I can almost say in modest certainty that many Asian parents would be prouder of a child who went to Harvard but for some reason couldn’t find a good job than one who went to a bad college but has an extraordinary job.
Unconvinced: Do these kids really study like crazy?
OK, some people pointed out that I don’t know what I’m talking about, and people in the US value education the same way. Let me tell you this to be convincing:
A good amount of middle school students from Taiwan live like this (this includes many many of my personal friends): they would go to school at 7:30AM. School ends at 5:00PM. Then they go to after-school school to improve in school (like a Kaplan except 60% of the students are forced to go by their parents), leave after-school school at 10PM. Then they have to finish after-school school homework, and then their real school homework, and then they go to bed.
As far as I know, not that many middle school students live like this in the US. A few years back, students needed to go to school on Saturdays too (they Westernized). And in your 3rd year of middle school, you are forced to stay in school to study for your exam till 8PM every day.
Here’s another example. I remember those annoying tests that for every problem you get wrong, the teacher takes a big stick and hits you in the palm. It hurt like crap. When that happens, it’s always a long line of students waiting to be hit by the teacher. Do the parents go to school and yell at the teacher? No. The parents go to school to APOLOGIZE that their children created problems for the teacher.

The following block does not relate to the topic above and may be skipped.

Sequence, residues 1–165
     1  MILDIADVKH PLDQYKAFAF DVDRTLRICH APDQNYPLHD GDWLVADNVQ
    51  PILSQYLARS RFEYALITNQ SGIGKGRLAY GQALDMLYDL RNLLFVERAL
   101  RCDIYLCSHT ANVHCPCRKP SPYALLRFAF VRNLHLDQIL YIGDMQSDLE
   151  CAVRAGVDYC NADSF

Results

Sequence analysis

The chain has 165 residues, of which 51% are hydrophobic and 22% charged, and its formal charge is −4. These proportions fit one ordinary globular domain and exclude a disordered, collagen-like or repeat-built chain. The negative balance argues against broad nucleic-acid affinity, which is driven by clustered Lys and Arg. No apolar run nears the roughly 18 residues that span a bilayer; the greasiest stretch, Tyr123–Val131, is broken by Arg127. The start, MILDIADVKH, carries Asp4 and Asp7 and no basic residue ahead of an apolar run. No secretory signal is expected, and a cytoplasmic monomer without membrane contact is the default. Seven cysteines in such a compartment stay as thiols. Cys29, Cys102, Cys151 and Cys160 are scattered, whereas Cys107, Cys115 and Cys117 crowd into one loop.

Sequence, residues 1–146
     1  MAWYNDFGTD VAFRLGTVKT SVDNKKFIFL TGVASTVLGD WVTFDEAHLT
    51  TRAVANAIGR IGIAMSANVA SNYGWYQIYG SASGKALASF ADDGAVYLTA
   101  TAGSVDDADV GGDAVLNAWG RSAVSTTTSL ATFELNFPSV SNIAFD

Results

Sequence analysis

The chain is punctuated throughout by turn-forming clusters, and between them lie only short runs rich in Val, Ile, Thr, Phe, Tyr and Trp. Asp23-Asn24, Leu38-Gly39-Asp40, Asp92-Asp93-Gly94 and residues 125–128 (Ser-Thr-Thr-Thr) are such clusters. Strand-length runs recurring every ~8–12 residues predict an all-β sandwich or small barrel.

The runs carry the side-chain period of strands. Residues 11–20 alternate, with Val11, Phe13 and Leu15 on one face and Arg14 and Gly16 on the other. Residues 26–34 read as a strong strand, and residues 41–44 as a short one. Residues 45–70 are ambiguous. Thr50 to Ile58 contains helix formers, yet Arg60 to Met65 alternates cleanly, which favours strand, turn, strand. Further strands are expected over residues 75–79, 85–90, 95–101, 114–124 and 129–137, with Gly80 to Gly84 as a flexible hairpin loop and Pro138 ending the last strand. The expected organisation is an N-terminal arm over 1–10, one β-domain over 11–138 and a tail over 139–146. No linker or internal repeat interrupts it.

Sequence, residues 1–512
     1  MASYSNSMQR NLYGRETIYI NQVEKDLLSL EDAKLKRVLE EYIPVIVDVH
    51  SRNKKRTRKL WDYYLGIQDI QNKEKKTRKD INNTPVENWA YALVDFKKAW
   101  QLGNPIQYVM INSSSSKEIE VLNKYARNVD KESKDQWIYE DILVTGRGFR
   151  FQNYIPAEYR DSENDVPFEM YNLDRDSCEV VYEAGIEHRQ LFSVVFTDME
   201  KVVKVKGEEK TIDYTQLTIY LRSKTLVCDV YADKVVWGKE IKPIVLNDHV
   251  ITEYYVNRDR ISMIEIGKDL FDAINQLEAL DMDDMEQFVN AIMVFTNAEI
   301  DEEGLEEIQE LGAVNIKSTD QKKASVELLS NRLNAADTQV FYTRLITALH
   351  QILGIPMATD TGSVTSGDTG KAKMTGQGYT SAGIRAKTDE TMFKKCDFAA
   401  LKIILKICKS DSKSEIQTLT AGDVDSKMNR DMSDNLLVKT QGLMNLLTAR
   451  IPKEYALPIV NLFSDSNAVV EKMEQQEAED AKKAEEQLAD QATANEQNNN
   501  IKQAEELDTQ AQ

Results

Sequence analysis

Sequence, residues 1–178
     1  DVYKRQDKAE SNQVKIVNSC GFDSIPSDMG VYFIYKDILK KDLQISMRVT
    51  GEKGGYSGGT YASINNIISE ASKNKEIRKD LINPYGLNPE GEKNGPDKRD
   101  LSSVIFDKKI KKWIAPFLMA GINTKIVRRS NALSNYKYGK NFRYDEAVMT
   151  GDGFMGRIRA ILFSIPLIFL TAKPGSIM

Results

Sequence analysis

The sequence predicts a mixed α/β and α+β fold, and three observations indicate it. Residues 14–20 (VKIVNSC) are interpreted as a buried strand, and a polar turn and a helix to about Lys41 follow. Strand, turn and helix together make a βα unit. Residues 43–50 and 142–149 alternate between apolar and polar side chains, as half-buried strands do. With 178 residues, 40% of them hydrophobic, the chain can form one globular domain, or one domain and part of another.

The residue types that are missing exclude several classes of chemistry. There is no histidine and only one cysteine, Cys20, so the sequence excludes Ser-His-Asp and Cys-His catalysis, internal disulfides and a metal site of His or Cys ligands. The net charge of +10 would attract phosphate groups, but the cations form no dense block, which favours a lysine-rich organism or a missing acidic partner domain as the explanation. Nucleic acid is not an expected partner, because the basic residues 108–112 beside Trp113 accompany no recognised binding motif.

In the US culture, parents have more power than teachers. But in many Asian cultures (I know Taiwan best, but many other Asian friends confirmed the same thing), the teachers have more power than the parents and the parents are often apologizing. That’s just a difference in cultural value.
Some observed dysfunctions of valuing grades over everything
For many Asian students, getting into an university is where life ends. Then another life independent of their past starts once they get out of college. However, there are some negative consequences to it, besides the high stress and suicide rates of students.
Since getting into college is everything, once students from Asia (not Asian students in the US, and no not ALL countries) get into top universities, they start to slack and have fun all day, instead of really acquiring knowledge as they are there for. The system also makes it that your GPA hardly matters as long as you pass, so that’s all people aim for. Getting into graduate school is simply determined by another test at the end of college years.
I know this because I every friend I talked to who grew up in Taiwan, China, Japan, Korea all said in middle school and high school, they were extremely stressed and suicide rates were higher. Once people get in college, what people do all day is slack off. “They made it, so it’s time to relax instead of learning.”
For that reason, when it comes to universities, students in the US actually study harder than those in Asia (yea, amazing right? Even after all that partying). This clearly shows that it’s pretty dysfunctional when a culture places the value of “grades” over “education.” You’re not there to learn, you are there to score.
This is just some thoughts based on the observations I have in society and an attempt to explain the origins of it. If you happen to disagree with anything and have better insights about things, feel free to criticize this and enlighten me. Politeness is appreciated but sometimes too much to ask for from Anonymous Commentors, so trolls are welcome too. Have a great time!